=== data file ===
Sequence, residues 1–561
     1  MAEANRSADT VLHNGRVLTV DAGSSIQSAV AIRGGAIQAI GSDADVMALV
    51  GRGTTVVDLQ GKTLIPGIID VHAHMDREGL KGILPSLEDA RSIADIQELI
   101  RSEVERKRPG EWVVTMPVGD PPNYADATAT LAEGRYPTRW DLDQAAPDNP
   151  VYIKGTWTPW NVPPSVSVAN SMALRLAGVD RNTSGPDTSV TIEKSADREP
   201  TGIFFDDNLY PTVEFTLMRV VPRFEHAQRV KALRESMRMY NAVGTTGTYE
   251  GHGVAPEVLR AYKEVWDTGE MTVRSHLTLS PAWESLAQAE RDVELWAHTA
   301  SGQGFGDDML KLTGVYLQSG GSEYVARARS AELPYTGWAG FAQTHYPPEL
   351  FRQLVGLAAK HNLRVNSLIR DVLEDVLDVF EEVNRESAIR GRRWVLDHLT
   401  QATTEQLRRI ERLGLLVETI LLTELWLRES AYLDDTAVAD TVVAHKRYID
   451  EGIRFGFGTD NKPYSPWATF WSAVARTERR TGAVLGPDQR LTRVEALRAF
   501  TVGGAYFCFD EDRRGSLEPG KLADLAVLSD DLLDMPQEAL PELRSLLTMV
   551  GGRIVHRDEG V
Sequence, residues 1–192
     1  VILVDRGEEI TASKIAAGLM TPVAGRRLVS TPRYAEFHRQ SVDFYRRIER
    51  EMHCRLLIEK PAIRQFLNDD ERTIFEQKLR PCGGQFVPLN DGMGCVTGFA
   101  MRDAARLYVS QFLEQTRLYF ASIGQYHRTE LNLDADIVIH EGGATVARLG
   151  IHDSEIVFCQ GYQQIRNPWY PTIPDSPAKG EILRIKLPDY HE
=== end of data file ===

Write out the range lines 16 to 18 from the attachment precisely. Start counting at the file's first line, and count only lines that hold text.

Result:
    51  EMHCRLLIEK PAIRQFLNDD ERTIFEQKLR PCGGQFVPLN DGMGCVTGFA
   101  MRDAARLYVS QFLEQTRLYF ASIGQYHRTE LNLDADIVIH EGGATVARLG
   151  IHDSEIVFCQ GYQQIRNPWY PTIPDSPAKG EILRIKLPDY HE